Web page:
If Honeywell International Inc.’s pursuit of United Technologies Corp. doesn’t lead to a deal, don’t worry – there will be others.
Honeywell reportedly offered $108 (U.S.) a share in cash and stock – or about $105-billion including debt – for United Technologies, the latest salvo in talks that have stretched over the better course of the last year. For now, that may end up being as far as it goes. United Technologies rebuffed the overture because it believes antitrust objections will be insurmountable (more on that later).
But just the fact that these two giants held talks signals how important acquisitions have become to an industrial sector that’s run out of other ways to expand. Slow global growth is pressuring results and cost cuts are starting to reach their limits. Clearly, Honeywell is thinking about big acquisitions, but many others such as General Electric, Eaton, Emerson and Danaher also could start to feel pressure to strike significant purchases of their own.
For Honeywell’s part, it’s hard to think the company is just going to pack it up and go back to tiny sub-$100-million deals after throwing this blockbuster out there. It’s got plenty of M&A firepower (enough to pay for 39 per cent of its United Technologies bid in cash, according to Bloomberg data) and those growth concerns aren’t going away.
Honeywell will be hard-pressed to find a target of United Technologies’ magnitude that’s a good fit and doesn’t spark the same antitrust concerns, but there are a number of decent-sized opportunities that could go a ways toward jolting earnings growth. The list includes $3-billion flow-control equipment manufacturer Crane Co., $1.5-billion aircraft motion-control systems maker Moog and $5.5-billion heating, ventilation and air-conditioning company Lennox International, according to Credit Suisse’s Julian Mitchell.
The chief executive of Meggitt, a U.K.-based supplier of aircraft wheels and brakes, essentially put the company in play this week when he said in an interview he would be open to suitors that “came with a big enough cheque.” Meggitt has a market value of about $5-billion and has often been speculated as a target for both Honeywell and United Technologies. You could even throw Ingersoll-Rand, a $14-billion maker of HVAC systems, or Pentair, a $9-billion water pumps and filtration systems company, into the mix. Should Honeywell not be interested in these companies, there are probably a number of others that would be.
There’s General Electric, for one. The company has largely been focused on divestitures of late, having struck deals for the bulk of its GE Capital division and a $5.4-billion sale of its appliances business to China’s Haier. While there have been rumblings for a while now that GE could pick up oil-equipment assets divested by Halliburton and Baker Hughes as they seek regulatory approval for their merger, Honeywell’s talks with United Technologies may force the company to think a bit bigger. GE certainly has a good chunk of cash from all those divestitures.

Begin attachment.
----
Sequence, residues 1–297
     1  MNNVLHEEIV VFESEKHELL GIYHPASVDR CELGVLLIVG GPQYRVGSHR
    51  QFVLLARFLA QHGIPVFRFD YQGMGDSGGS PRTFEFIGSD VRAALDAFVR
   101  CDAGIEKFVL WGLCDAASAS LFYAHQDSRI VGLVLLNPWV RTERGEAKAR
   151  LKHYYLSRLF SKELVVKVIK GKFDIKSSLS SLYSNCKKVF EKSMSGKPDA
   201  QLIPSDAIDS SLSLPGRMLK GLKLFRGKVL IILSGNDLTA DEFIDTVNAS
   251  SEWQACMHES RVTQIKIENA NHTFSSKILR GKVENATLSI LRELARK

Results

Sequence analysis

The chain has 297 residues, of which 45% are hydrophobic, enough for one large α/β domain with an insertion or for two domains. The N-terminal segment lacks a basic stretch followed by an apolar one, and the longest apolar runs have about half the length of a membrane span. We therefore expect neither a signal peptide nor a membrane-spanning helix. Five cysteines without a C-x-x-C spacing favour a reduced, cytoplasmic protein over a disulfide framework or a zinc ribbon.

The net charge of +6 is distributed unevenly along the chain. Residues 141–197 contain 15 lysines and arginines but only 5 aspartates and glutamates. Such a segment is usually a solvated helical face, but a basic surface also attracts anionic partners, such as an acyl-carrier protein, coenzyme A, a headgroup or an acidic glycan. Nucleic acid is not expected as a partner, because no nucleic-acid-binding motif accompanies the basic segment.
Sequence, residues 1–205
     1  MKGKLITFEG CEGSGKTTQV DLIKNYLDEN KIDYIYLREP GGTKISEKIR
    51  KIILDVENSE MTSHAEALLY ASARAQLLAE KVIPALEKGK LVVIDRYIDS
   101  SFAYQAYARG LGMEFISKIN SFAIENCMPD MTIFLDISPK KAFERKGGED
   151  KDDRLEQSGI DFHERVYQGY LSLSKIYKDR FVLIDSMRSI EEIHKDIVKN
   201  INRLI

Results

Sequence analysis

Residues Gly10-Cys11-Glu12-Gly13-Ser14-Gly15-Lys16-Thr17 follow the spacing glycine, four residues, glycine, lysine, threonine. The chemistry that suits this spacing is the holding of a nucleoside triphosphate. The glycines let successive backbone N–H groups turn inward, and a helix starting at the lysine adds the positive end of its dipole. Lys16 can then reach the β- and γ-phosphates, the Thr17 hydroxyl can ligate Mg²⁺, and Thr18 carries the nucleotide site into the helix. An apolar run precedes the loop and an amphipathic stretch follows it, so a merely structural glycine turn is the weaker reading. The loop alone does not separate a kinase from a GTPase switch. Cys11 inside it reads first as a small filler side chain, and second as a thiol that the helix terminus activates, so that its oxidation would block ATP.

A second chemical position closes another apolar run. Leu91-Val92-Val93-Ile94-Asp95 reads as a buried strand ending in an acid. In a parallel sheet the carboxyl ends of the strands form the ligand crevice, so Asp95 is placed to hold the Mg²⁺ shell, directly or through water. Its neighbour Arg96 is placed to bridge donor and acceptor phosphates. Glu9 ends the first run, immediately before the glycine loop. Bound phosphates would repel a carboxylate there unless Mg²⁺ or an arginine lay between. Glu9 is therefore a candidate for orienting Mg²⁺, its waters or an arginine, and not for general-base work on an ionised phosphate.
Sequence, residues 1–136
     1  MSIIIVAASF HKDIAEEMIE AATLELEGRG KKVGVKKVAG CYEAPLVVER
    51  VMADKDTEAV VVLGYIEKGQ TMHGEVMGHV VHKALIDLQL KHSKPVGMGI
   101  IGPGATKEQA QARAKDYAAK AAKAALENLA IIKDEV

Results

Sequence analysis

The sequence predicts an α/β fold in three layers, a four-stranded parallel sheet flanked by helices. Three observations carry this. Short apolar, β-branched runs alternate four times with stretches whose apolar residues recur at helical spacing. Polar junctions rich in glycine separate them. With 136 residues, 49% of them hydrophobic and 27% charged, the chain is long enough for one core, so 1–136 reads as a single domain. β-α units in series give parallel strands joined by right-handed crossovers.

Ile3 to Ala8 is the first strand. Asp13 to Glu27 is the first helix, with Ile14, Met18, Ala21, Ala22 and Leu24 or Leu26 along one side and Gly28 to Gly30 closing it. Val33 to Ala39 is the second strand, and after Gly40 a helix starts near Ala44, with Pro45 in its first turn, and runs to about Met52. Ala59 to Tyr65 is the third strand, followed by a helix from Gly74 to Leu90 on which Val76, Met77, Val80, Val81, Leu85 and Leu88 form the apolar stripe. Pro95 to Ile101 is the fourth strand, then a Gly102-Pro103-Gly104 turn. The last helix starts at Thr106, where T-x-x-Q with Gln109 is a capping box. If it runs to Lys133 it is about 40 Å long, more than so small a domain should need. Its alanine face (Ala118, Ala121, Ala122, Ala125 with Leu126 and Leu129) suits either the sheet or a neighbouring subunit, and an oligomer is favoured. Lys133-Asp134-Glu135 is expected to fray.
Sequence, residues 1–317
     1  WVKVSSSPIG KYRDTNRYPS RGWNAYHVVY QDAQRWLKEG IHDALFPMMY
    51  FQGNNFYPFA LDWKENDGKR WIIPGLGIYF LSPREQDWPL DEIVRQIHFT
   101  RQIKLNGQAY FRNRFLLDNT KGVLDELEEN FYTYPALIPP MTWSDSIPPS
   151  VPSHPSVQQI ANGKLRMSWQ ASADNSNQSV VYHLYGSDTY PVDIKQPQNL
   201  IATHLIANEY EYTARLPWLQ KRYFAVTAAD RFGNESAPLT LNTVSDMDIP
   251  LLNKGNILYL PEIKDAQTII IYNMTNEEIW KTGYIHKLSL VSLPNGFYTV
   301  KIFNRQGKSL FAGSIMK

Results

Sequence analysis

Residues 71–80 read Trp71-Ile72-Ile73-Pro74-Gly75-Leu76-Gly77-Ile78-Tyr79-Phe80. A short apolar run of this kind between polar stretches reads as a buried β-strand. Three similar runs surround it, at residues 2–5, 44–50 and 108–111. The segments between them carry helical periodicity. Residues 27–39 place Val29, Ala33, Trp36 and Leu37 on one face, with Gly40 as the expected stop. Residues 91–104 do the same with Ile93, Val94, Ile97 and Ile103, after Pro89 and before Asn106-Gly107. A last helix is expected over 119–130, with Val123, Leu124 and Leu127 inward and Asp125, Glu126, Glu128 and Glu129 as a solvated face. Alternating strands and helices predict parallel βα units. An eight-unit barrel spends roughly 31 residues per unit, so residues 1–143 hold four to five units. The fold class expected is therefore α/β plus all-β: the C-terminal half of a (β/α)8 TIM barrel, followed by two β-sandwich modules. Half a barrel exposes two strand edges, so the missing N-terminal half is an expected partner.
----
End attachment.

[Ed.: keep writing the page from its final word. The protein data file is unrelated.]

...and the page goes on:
The argument for a GE takeover of Rockwell Collins – another potential industrial target – is gaining traction, with shares of the $12-billion avionics company climbing about 4 per cent in the wake of the Honeywell news.
Other options for GE could include Pentair and Hubbell – a $5.4-billion maker of electrical components. Someone is probably going to end up buying Hubbell sooner or later. The company cleared a path for a takeover last year when it reclassified its stock to eliminate a dual-class structure and weaken the voting power of certain trusts. Stifel analyst Robert McCarthy said back in November that an Eaton purchase of Hubbell was the deal that made the most sense in the electrical equipment and multi-industrial sector.
There’s still a chance that something happens with Honeywell and United Technologies, too. Many analysts seem to agree with United Technologies that regulators would be inclined to block a combination, given the companies’ overlap in aerospace. Honeywell clearly feels differently to make repeated offers for United Technologies. And it’s worth noting that it was United Technologies CEO Greg Hayes who reportedly kicked off merger discussions last year, so he must see at least some logic to a deal.
“While no one would argue about the merits of putting these great businesses together, what became very apparent to us is it just cannot happen,” he told CNBC on Tuesday.
One way to get around antitrust pushback may be to structure a transaction as a mega-merger with a mega-spin, similar to what Dow and DuPont are proposing to do. Honeywell and United Technologies could combine and then split their aerospace and building-systems technologies businesses into separate companies. Divestitures would still be needed in aerospace, but at least the total size of the company wouldn’t be as daunting.
Either way, the industrial sector is ripe with possible match-ups and it’s a space investors should keep an eye on going forward. As the saying goes, where there’s smoke, there’s fire.
Brooke Sutherland is a columnist at Bloomberg News.Report Typo/Error